The sun feels hot as we step out of our air conditioned rental car. A gentle breeze ripples across the lilac-colored field. The fragrant scent of lavender chases away the stress of traffic, cell phones and business meetings. The lavender, not quite in full bloom, waves to us. It seems to whisper, “Welcome to the land of golden sunshine.”

On the edge of the field, sturdy oak trees spread their branches. I look over the horizon and see the Santa Ynez mountains profiled against the blue sky. Having just arrived from Seattle, John and I bask in the sun and soak up the color.

Meryl Tanza bought this property in 1976, then part of a 30-acre parcel. Meryl grew up in South Africa and loved horses, so she planned to breed thoroughbreds here. To supplement her income, she turned to growing lavender. Several years ago, she planted thousands of Grosso Lavender plants, a hybrid known for its high oil content. “We purchased a small distillery and began to extract essential lavender oil from plant material,” Meryl explains.

Meryl and her husband, Glenn Thalheimer, spend long days tending the farm, extracting lavender oil and making scented candles, sachets and body lotion. The farm is open to visitors daily.

My husband and I stroll through the fragrant fields, browse in the boutique and capture this landscape with our camera. Lawn chairs line the field’s perimeter, offering places to sit, rest and take in the moment. The family dog, a short hair collie, hops into a chair and poses for a photo with a serene expression. I wonder whether it is the lavender that makes him so calm.

A steady stream of people come and go, buying lavender honey, dried bouquets or bubble bath. While John and I linger in the afternoon sun, a black stretch limousine rolls down the driveway toward the farm. A woman, looking stylish with three-inch heels and a large hat, emerges. “This is amazing. I am from Connecticut, vacationing in Santa Barbara, and I heard about this farm at my time-share.”

Another group consists of an extended family visiting the area to celebrate a college graduation. The proud mother says, “We’ve never seen a lavender farm and are amazed at the purple fields. This is just like a Monet painting come-to-life.”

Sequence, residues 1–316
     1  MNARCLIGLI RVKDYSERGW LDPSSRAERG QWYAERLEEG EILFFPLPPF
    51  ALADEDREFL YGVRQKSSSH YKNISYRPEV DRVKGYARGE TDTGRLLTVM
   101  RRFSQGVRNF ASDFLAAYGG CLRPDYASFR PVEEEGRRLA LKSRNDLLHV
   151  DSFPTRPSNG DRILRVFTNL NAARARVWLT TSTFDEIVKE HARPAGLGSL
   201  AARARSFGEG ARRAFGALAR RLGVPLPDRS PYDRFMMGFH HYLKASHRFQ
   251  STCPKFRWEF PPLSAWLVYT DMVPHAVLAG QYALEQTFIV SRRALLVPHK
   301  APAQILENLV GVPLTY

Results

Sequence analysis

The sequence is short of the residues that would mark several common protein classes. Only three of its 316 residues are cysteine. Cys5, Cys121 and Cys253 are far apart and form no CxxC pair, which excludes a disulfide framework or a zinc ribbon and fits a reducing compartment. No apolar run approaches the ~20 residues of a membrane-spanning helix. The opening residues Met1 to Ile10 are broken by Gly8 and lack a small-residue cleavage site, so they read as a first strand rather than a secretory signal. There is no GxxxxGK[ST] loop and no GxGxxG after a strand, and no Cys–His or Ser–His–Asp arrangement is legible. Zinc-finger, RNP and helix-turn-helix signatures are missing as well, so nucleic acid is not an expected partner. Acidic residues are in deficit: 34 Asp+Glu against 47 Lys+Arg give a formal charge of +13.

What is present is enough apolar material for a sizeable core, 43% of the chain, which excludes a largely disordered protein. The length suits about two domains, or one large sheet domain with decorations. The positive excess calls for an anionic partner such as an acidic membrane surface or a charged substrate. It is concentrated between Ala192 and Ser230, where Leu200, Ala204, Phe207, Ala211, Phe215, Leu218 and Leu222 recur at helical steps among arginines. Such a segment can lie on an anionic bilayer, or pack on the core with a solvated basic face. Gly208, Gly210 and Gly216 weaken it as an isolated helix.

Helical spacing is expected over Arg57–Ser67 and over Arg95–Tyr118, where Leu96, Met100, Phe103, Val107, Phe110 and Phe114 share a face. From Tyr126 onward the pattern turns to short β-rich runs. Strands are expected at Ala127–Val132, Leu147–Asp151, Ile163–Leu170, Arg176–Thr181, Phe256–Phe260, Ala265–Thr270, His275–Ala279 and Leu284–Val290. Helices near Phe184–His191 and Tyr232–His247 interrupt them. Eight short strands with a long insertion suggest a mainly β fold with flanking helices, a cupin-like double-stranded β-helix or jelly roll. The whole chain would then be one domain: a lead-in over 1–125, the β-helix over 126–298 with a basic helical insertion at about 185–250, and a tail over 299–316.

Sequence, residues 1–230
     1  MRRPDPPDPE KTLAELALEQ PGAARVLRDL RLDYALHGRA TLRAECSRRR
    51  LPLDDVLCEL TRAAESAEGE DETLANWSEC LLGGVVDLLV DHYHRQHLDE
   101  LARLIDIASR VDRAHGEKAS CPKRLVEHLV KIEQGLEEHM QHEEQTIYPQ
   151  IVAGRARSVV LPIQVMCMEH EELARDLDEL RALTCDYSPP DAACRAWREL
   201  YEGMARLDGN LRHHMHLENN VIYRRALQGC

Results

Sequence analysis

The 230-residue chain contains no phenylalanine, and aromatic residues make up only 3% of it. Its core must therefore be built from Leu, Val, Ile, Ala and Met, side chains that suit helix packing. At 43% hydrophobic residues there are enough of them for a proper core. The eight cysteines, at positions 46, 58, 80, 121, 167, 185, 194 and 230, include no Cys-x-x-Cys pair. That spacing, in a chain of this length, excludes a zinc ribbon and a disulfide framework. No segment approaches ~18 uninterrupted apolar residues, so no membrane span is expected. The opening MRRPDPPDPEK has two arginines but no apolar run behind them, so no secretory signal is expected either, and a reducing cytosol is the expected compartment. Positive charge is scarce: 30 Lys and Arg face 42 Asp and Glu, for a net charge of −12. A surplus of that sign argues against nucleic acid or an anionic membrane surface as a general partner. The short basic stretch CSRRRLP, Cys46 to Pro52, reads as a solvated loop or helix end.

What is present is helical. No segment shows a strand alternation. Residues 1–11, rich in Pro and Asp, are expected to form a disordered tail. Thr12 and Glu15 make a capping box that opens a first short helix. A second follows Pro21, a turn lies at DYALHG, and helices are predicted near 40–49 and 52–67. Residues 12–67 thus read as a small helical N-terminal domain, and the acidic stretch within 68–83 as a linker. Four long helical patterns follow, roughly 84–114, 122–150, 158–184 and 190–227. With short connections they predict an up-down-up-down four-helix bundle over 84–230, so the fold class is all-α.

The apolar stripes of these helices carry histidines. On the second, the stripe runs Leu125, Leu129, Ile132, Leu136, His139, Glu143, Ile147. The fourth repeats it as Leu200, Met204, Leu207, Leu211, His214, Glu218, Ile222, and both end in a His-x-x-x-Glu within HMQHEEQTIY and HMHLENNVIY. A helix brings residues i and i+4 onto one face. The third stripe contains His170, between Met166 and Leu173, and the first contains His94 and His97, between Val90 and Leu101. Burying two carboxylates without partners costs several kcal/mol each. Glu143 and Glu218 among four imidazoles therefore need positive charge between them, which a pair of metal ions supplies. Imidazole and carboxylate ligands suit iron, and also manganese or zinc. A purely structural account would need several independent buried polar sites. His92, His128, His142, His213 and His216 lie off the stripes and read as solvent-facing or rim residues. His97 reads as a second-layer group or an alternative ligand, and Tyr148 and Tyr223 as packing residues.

Clairmont Farms also maintains an online retail store for people who can’t visit the farm in person. With Mother’s day coming up in just a few weeks, you may want to consider a gift of Lavender Shampoo, Culinary Lavender Honey or Lavender Mist.

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Sick and tired of sticky sugary soda? Looking for a refreshing non-alcoholic drink to enjoy with lunch or dinner? You may want to try DRY soda.

Available in six flavors, this soda is simple and elegant. The soda contains only natural ingredients – sugar, water and flavored with fruit, flower or herb extracts. DRY soda comes in sleek bottles with an award-winning design.
Flavors include Lavender, Lemongrass, Rhubarb, Kumquat, Vanilla Bean and Juniper Berry. As you could guess, Lavender is my favorite. Fizzy and soothing, the drink sparkles with a hint of the flavor and aroma of lavender. I love the lightness of this drink. Minimal sugar equates to fewer calories. Seventy calories in each 12 ounce bottle compares to double that for 12 ounces of Coca Cola.

A Seattle-based company, DRY soda offers a tasting room in Pioneer Square where you can sample their soda. The soda is served in champagne glasses. In fact, many fine restaurants offer DRY soda as an alternative to ice tea, cola or wine. Dahlia Lounge, 35th Street Bistro and Purple Café and Wine Bar are three of the more than 50 restaurants where DRY soda is available in Washington. For those of us who are looking for a non-alcoholic drink or who enjoy fresh flavor, DRY soda has come along at the right time.